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A Learning Disability Defined as Nothing More than a Learning Difference

Disabilities > > A Learning Disability Defined as Nothing More than a Learning Difference

Many people have spent their lives figuring out what a learning disability is and what having a learning disability means, in order to help those who have such challenges learn better. What the wisest of scholars and sharpest of researchers found was that a person with a learning disability simply accesses and acquires information differently.

At first, the one with a learning disability was ostracized, stigmatized, and down-sized. He was the half-wit, the retard, the mentally disturbed one. She was the one who had such potential if she only applied herself. She was the one who didn’t play well with others and he was the one who didn’t work well with others.

But these labels stuck only when those less knowledgeable, less visionary, and/or less patient stuck them on kids and adults with a learning disability. Once the interested and involved got hold, once the insightful took over studying why it is Johnny can’t study or Suzie won’t study, those with a learning “disability” were discovered to have what learning “abled” people didn’t.

Consider the true story of the once diagnosed as autistic (but not autistic, it is said) genius of Kim Peek, played by Dustin Hoffman in Rain Man: this individual could not hug without screaming and had no clue what the comparative value of a candy bar and a car was, but at the same time, he could multiply two three-digit numbers in a nanosecond, read and retained every bit of information in a phone book, and “counted cards” just by glancing at them, computing them as they were played on a poker table for hours at a time. He was at first considered to have an IQ of 78—implying learning disability would be his tag—until more testing and closer, more careful scrutiny revealed a “mega savant” IQ of 168. That appears to be more of a learning difference to me.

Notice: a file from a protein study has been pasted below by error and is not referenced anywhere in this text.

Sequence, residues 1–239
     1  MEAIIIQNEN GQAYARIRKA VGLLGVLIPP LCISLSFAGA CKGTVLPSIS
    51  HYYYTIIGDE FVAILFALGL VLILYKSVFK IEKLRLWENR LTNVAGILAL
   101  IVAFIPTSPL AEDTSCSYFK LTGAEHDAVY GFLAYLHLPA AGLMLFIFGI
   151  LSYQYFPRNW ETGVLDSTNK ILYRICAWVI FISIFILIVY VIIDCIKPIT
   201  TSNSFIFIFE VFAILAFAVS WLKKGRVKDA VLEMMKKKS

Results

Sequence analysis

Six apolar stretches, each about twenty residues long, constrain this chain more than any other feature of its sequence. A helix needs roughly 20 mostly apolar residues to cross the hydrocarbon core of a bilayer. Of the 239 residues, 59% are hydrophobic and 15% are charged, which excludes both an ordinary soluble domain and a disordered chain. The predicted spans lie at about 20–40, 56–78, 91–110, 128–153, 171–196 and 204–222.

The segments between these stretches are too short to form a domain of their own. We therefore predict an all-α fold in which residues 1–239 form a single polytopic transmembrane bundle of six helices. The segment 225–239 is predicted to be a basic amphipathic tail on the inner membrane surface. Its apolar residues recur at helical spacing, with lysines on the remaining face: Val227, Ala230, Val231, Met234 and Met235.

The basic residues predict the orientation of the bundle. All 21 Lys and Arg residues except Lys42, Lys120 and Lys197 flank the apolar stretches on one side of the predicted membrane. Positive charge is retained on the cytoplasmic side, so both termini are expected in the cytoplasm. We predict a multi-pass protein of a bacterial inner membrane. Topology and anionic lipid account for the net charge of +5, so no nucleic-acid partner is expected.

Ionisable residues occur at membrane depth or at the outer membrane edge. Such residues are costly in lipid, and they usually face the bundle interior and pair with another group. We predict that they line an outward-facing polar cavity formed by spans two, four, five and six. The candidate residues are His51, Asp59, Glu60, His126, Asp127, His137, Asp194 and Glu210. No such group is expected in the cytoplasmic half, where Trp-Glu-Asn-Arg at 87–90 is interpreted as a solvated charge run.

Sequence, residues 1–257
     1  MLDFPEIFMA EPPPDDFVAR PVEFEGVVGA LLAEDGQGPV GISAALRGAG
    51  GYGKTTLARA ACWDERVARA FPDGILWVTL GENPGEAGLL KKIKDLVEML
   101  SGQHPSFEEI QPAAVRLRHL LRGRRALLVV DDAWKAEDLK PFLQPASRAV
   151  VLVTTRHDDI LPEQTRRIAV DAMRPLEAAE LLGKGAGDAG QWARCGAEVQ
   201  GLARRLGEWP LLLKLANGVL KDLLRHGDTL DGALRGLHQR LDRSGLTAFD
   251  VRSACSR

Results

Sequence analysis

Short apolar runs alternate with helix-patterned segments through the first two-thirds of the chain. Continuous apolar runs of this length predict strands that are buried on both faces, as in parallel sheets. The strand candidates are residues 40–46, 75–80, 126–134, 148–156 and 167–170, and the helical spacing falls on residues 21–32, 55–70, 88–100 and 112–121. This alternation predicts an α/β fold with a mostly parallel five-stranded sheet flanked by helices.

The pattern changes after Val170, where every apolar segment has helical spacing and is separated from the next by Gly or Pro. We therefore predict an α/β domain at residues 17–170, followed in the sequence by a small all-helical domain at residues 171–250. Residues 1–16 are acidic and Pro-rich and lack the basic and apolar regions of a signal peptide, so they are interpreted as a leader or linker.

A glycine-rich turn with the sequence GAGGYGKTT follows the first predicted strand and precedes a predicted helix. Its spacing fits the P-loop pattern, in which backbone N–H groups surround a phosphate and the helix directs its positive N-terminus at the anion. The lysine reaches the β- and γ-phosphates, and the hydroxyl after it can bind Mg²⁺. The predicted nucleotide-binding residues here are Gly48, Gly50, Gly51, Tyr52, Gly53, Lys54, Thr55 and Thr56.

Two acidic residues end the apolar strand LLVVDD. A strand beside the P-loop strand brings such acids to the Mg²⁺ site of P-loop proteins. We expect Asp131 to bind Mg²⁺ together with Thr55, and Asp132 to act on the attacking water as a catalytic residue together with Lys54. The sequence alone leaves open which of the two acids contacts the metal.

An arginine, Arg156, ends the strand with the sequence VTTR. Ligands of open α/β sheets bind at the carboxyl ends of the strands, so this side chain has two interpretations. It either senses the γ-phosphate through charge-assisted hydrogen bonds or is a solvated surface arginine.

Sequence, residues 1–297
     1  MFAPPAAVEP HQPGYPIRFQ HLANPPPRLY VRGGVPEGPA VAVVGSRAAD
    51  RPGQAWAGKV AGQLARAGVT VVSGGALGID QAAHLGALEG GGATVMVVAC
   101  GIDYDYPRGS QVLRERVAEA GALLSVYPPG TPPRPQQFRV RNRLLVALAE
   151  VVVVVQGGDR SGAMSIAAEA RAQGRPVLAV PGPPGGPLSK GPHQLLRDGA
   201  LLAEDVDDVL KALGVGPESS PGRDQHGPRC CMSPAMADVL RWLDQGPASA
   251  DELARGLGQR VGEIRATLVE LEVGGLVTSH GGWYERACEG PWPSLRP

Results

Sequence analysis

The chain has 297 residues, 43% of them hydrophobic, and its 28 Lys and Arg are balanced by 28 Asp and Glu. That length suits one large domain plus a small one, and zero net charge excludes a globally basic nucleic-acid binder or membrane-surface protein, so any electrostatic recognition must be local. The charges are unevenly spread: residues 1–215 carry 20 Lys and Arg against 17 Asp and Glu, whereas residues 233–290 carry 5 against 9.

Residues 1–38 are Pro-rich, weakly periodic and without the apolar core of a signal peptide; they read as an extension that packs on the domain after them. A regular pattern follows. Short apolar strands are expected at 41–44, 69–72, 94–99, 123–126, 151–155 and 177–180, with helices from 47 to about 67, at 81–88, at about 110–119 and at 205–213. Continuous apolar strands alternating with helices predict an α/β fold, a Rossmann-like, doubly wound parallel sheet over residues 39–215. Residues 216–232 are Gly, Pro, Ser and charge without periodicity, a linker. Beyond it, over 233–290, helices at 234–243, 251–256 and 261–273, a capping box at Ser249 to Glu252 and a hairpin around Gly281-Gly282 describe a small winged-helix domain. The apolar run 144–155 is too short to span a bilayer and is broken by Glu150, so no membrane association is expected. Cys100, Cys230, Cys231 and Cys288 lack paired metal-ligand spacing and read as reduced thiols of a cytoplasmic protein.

Consider the equally brilliant David Helfgott, depicted by Geoffrey Rush in Shine, who as a prodigal child and piano virtuoso adult could speak only in snippets, snatches, and shuffles of schizophrenic frenzy (my term, not diagnosed as such). That’s hardly a learning disability, right?

Or consider the man or woman boy or girl sitting next to you at the DMV, standing next to you at the grocery store, or lined up in tight rows with you in the classroom. Whatever his or her learning disability, I would bet you there is an astounding ability that accompanies it. This doesn’t, then, make them disabled, does it? Just different.

Disabilities > > A Learning Disability Defined as Nothing More than a Learning Difference